Alice Cooper, NYC, 1973 | Bob Gruen
Last night I had a nightmare.
It was like an episode of American Horror Story – full of crime, horror, violence and sex. I experienced a deep revulsion to the story and to my place in it. I was, in dreamlike fashion, both victim and perpetrator.
This aversion to the uncomfortable wasn’t always the case. I remain a huge fan of horror films and scary stories. I believe they play an important role in our maturation and adolescence. And I believe in the power of these stories to show us the shadow parts of ourselves (and our society) that need to be brought to light. As a child, I was fascinated with makeup and gore and wanted to be a special effects artist like Tom Savini or Stan Winston.
But, as a father, minister and coach, I now feel I have competing commitments within my psyche. I feel that where I could once easily find a place for these tales of violence and depravity, it’s increasingly hard to justify a “reason” for some of the stories we tell today and the images that burn themselves into our minds. The dread and nihilism of my youth has come up hard against the pragmatic mysticism of my adulthood.
The ideas of “growing up” and “selling out” have been synonymous. So, how do you honor and celebrate your inner child while actually putting down childish things?
I had a typical white Midwestern childhood. When I was 4-7 years old I was really into fantasy storytelling (magic, knights and dragons). From 8-12 I discovered music and its ability to communicate feelings and ideas. I was fascinated by heavy metal and shock rock, listening to bands like Alice Cooper, WASP and Metallica. When I was 15, I moved to Florida and adjusted to the conformity of high school, college and a string of odd jobs. Around this time, I also rejected religion for scientific and philosophical inquiry. When I formed a band of my own, I quickly learned how to build community and gain consensus by swallowing my own anger or opinion. And, eventually, I found a home for all my passions (music, media, ministry), context for the healthy, integrated versions of my own anger and lust, as well as a place in my life for everyone inhabiting their own various stages of consciousness and connectedness.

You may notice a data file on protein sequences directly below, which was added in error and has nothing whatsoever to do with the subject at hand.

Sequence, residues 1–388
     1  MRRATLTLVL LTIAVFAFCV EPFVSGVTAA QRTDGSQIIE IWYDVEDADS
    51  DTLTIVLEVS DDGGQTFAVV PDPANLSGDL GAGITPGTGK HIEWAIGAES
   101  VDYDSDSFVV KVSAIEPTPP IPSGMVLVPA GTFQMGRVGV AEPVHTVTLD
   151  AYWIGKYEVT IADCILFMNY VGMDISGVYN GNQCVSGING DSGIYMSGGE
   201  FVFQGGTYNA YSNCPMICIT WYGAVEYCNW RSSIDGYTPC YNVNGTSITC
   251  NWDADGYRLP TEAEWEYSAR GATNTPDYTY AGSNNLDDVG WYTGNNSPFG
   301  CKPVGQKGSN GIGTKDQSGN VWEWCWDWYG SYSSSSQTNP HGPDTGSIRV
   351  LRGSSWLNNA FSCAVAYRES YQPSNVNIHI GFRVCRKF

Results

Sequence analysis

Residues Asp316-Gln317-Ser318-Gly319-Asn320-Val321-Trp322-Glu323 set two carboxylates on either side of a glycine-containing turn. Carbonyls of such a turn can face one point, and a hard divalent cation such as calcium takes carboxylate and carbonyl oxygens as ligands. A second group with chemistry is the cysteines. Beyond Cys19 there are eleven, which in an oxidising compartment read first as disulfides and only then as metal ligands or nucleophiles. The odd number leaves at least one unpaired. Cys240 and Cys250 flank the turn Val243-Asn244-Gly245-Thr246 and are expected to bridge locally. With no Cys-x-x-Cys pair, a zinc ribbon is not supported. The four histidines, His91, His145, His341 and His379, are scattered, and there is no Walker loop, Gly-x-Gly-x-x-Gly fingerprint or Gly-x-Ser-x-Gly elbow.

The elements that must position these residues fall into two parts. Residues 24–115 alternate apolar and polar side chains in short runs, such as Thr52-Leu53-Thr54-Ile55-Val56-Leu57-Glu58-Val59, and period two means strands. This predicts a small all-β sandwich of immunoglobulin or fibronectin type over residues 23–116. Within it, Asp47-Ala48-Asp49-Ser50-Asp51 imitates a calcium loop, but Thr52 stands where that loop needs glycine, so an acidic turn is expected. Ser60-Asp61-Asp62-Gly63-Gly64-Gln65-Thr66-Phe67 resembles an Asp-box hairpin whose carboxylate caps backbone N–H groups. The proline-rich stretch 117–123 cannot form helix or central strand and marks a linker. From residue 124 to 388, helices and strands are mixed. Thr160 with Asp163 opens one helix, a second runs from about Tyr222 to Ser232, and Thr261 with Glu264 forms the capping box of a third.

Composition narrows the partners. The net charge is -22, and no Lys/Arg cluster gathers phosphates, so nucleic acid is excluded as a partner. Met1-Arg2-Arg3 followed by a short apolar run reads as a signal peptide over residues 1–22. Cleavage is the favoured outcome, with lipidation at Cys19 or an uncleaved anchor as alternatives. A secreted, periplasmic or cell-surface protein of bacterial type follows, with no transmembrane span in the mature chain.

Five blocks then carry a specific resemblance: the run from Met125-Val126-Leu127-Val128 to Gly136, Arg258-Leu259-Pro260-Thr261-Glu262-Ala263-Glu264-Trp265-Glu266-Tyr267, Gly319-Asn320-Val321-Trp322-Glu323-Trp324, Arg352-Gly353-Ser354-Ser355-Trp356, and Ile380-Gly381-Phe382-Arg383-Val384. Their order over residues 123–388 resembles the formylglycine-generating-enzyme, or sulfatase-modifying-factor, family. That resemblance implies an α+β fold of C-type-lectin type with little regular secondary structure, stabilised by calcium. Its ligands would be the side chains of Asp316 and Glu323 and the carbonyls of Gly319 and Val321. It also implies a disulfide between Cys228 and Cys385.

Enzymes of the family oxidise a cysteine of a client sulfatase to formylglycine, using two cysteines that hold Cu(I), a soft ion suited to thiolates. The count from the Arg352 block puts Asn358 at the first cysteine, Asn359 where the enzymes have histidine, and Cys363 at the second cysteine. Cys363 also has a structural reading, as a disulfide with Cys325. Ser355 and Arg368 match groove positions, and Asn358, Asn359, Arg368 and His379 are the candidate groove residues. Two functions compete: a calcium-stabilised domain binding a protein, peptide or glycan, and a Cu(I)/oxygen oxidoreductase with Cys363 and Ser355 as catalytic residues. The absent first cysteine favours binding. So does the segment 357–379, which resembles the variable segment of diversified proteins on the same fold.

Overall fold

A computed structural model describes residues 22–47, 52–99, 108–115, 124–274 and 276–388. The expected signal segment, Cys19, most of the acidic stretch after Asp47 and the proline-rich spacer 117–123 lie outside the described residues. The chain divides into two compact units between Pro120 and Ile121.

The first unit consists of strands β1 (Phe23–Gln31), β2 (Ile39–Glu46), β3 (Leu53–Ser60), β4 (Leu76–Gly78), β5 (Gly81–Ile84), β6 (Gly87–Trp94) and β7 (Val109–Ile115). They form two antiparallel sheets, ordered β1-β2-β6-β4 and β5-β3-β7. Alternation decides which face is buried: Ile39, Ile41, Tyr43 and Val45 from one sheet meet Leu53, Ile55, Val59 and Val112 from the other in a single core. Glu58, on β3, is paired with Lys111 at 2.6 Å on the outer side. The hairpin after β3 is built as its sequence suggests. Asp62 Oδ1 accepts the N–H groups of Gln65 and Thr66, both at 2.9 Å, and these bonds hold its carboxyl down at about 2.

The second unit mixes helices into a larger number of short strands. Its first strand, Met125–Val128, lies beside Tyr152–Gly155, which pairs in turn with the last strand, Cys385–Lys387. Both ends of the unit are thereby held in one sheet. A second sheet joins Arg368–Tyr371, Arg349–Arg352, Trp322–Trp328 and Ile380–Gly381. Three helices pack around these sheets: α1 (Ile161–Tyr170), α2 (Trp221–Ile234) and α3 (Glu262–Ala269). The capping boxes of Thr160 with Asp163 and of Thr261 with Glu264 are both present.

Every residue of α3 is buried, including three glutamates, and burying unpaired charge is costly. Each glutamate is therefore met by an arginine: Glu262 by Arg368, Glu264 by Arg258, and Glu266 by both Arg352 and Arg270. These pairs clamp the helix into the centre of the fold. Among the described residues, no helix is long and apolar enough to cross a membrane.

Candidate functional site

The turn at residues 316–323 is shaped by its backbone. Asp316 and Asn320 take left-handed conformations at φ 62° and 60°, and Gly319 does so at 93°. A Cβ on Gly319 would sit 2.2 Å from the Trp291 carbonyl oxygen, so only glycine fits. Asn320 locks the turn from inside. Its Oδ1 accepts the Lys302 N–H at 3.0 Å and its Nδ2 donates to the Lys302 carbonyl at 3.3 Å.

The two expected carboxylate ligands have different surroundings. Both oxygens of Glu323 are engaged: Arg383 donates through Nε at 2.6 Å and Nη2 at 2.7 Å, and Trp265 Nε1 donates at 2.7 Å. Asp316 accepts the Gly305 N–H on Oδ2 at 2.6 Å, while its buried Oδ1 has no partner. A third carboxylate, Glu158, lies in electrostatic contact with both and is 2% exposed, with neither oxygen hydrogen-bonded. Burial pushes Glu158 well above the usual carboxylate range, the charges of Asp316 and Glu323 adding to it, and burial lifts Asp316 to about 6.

Those familiar with Spiral Dynamics or Integral Theory will immediately recognize the colorful trajectory that I traveled as I moved through the developmental stages of Magic, Warrior, Conformist, Modern, Post-Modern and Pluralist. Most of us have similar arcs and similar stories.
When we use models like these to talk about our own growth, we must remember that the map itself will eventually be composted. When we invoke the idea of “transcend and include,” sometimes we leave out a very important part of the conversation. We can’t carry everything forward. We must constantly be shelving and filing as well as releasing and letting go. And, if we don’t choose something to release, something will be chosen for us. It may be song lyrics, movie trivia, mental maps of towns you’ve only visited, memories or moments with friends and loved ones. They will be torn from our fingers if we don’t lovingly put them to bed.
We must kill our babies, sometimes in violent and fantastical ways. We must embody the shadow, putting on the hockey mask and becoming the villain until we have laid waste to what doesn’t serve us, our family, or our community.
One day, we will be able to remove the mask for good – to look at ourselves in the mirror and see the integrated person – hero, villain, masculine, feminine, angry, compassionate, all ages, all stages – parts, wholes, inside and out.
Until then, we will remain at odds with ourselves. Our flesh turned inside out – twisted and wrung out like a rag. With one eye trained on our own contorted body and the other desperately scanning the world around us, we will be seeking answers that have never been demanded of us. Answers to questions that have never been voiced. Searching for something that has always been within.